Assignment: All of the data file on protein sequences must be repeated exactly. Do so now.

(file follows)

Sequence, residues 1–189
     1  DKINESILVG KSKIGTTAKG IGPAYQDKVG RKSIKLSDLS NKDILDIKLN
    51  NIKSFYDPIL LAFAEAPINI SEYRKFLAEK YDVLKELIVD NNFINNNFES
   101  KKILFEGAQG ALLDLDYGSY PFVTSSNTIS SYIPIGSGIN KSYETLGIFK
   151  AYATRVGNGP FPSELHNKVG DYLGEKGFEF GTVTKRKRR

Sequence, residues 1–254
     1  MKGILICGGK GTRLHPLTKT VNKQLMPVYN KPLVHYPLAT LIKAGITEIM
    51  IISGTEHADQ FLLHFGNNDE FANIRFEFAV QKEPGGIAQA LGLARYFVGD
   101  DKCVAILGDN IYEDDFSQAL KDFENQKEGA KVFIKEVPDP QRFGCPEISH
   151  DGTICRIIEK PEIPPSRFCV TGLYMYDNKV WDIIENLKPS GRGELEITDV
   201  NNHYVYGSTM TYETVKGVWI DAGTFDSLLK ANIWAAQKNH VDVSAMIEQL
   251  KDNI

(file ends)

Sequence, residues 1–189
     1  DKINESILVG KSKIGTTAKG IGPAYQDKVG RKSIKLSDLS NKDILDIKLN
    51  NIKSFYDPIL LAFAEAPINI SEYRKFLAEK YDVLKELIVD NNFINNNFES
   101  KKILFEGAQG ALLDLDYGSY PFVTSSNTIS SYIPIGSGIN KSYETLGIFK
   151  AYATRVGNGP FPSELHNKVG DYLGEKGFEF GTVTKRKRR

Sequence, residues 1–254
     1  MKGILICGGK GTRLHPLTKT VNKQLMPVYN KPLVHYPLAT LIKAGITEIM
    51  IISGTEHADQ FLLHFGNNDE FANIRFEFAV QKEPGGIAQA LGLARYFVGD
   101  DKCVAILGDN IYEDDFSQAL KDFENQKEGA KVFIKEVPDP QRFGCPEISH
   151  DGTICRIIEK PEIPPSRFCV TGLYMYDNKV WDIIENLKPS GRGELEITDV
   201  NNHYVYGSTM TYETVKGVWI DAGTFDSLLK ANIWAAQKNH VDVSAMIEQL
   251  KDNI